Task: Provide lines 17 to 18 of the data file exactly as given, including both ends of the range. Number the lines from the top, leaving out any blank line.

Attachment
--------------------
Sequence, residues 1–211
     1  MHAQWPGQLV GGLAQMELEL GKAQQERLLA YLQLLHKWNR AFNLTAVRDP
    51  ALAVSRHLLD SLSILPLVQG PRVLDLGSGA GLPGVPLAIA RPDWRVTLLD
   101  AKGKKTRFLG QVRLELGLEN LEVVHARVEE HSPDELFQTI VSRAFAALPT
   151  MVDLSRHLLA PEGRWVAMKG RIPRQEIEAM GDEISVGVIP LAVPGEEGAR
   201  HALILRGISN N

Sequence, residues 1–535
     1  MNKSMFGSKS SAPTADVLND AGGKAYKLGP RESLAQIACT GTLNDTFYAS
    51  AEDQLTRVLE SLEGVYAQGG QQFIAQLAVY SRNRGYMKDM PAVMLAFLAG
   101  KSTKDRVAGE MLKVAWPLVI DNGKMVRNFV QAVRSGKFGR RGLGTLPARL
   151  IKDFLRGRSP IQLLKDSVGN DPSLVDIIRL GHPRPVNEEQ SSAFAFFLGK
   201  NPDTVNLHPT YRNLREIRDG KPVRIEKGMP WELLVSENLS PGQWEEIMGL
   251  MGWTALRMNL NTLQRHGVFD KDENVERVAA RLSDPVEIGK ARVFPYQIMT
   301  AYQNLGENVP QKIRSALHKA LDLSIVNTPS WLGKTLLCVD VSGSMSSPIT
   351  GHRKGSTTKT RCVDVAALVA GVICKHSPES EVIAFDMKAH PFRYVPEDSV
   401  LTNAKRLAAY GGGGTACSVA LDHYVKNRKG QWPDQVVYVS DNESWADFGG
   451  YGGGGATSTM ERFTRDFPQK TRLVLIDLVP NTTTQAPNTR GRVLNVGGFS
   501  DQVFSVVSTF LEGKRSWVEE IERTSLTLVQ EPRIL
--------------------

   451  YGGGGATSTM ERFTRDFPQK TRLVLIDLVP NTTTQAPNTR GRVLNVGGFS
   501  DQVFSVVSTF LEGKRSWVEE IERTSLTLVQ EPRIL